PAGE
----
Effective collaboration tools…

…motivate learners
There is value in bringing learners together in a digital space. Learners are more motivated when they can see others are going through the same experiences. Encouraging peer-interaction will help learners to feel less isolated.

Are inclusive of learner identity
Tools can be engaging when they allow learners to personalise the experience; for example, through creating customisable avatars or environments.

…build a positive learning atmosphere, with positive feedback, collaboration, and safe spaces for learning
In many ways, online collaboration will be more appealing to some learners – it can create a sense of independence. It is a semi-autonomous space in which to interact, without feeling anxious or scared about contributing publicly in class.

…give learners access to relevant, authentic and interesting topics
Teachers and learners can upload and share links to authentic content relevant to their learning, such as articles, blogs, videos, podcasts, etc.

Take away tips

  • Look for tools that provide options for personalisation – for example, Zoom features an option for participants to change their video background to an uploaded image, and Edmodo allows learners to choose an avatar for their profile picture.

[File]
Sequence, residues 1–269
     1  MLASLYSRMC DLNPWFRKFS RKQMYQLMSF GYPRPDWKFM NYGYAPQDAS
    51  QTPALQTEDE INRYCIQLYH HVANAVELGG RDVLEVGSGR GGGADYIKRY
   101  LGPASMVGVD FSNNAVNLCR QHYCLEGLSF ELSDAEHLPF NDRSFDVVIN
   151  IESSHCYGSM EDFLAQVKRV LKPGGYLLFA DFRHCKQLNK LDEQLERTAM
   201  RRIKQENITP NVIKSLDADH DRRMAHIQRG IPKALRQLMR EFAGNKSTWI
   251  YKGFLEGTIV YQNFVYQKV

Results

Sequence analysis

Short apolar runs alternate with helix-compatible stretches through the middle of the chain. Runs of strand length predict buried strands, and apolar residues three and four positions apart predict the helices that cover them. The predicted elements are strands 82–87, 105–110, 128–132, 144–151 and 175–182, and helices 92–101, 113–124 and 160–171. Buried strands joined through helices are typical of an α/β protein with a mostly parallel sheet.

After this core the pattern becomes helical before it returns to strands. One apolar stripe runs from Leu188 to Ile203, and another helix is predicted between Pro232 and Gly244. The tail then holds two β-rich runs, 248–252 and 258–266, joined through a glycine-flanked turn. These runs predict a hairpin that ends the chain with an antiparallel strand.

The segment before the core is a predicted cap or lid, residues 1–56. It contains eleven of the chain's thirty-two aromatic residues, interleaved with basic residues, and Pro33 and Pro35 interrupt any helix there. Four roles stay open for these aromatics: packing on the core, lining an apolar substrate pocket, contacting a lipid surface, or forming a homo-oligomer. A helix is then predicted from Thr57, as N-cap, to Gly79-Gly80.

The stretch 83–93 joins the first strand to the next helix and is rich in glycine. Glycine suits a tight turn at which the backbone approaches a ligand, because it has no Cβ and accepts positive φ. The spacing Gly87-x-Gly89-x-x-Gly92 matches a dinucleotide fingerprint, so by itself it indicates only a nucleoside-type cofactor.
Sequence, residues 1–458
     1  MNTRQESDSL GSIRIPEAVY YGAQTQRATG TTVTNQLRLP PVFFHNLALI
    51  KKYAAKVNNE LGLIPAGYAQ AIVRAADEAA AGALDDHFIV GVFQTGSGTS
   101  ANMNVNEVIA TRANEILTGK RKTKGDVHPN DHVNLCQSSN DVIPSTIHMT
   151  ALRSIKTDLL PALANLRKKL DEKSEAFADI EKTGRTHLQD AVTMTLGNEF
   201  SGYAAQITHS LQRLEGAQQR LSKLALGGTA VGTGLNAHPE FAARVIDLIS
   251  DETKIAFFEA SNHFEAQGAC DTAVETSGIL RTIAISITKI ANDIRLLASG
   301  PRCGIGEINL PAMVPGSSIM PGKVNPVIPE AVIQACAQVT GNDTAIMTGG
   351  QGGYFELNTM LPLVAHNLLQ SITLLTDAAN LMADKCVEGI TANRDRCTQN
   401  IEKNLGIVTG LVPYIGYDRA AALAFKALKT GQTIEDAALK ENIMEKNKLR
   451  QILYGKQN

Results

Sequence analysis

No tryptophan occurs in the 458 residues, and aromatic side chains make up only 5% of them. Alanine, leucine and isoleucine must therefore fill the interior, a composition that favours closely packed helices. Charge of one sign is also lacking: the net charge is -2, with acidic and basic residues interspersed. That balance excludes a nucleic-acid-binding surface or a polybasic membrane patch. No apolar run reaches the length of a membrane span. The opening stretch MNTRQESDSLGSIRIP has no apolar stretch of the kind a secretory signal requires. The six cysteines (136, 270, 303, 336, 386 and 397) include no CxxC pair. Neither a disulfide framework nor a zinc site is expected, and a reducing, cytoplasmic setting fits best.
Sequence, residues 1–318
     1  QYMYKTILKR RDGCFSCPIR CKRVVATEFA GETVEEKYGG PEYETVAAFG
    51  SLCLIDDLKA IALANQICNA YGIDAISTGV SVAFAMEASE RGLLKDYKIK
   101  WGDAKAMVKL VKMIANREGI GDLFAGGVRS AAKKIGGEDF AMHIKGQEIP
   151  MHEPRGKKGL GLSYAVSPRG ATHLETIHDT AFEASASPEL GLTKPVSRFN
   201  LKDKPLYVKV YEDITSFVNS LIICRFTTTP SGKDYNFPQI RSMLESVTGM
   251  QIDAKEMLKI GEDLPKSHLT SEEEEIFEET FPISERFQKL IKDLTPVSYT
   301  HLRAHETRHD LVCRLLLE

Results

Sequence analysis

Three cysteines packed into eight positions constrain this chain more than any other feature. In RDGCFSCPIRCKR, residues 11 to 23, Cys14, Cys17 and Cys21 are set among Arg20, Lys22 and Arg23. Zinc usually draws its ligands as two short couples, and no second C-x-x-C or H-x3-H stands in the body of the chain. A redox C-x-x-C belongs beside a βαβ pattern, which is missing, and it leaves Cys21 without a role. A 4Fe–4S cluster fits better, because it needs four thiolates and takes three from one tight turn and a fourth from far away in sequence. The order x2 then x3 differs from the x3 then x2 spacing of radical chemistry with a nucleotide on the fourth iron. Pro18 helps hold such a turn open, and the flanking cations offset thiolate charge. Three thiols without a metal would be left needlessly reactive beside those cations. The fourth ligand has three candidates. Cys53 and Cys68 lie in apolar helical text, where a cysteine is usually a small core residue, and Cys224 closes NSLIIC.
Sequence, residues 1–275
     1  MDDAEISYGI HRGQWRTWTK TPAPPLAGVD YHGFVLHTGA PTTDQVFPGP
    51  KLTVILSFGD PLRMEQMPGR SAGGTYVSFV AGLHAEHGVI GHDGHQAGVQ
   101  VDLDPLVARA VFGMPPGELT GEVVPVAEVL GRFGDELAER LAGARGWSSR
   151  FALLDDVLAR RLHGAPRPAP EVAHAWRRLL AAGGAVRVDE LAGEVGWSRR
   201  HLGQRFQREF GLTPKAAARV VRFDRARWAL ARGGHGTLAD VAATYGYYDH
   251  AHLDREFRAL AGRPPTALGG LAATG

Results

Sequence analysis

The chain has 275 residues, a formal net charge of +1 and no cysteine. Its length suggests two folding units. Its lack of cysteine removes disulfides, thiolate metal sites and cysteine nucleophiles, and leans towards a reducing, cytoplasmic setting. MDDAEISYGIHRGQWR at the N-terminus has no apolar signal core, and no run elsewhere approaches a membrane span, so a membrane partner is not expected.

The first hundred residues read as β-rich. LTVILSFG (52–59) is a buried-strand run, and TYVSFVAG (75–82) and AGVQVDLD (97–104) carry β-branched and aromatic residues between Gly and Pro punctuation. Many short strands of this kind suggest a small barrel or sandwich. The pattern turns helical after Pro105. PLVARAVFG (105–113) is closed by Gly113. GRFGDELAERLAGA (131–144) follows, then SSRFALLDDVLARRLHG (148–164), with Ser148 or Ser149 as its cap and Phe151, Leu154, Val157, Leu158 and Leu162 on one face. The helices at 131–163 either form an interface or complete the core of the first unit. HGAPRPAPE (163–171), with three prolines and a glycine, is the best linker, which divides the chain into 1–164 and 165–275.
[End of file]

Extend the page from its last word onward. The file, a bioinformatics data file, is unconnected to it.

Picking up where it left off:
• Ensure there is some flexibility for how and when learners collaborate, and what they choose to share.
  • Look for tools with options for learners to share their content by various means – for example, learners using Explain Everything can upload media from a variety of sources, including voice chat, presentations, drawings, etc.

Autonomous learning

Effective collaboration tools…

…help learners develop confidence to take risks
Learners can take risks they may not normally have taken when allowing them to interact anonymously in non-threatening environments with others. The pressure of communicating in face-to-face environments is mitigated when interacting online.

…support the development of metacognitive skills
Moving their learning online will mean that learners are having to develop a range of new skills – how to manage their learning, and identify tools to support this. Of course it’s important for teachers to support the development of these skills, but you should also encourage learners to share their experiences with each other to find the methods that work best for them.

Take away tips

  • Ensure the tool allows for learners to share answers and ideas anonymously, for example, through the use of polls as in Microsoft Teams.
  • Encourage learners to share ideas on how to manage their learning remotely, with or without you present.


These are just some ways in which online collaboration tools can support rich and authentic interaction between your learners as well as with the outside world, particularly in the absence of face-to-face interaction.

Have you used any online collaboration tools that you would recommend to fellow teachers? What makes them effective? Share your ideas and join the conversation!


If you would like to read more blog articles from the Supporting Every Teacher series, click here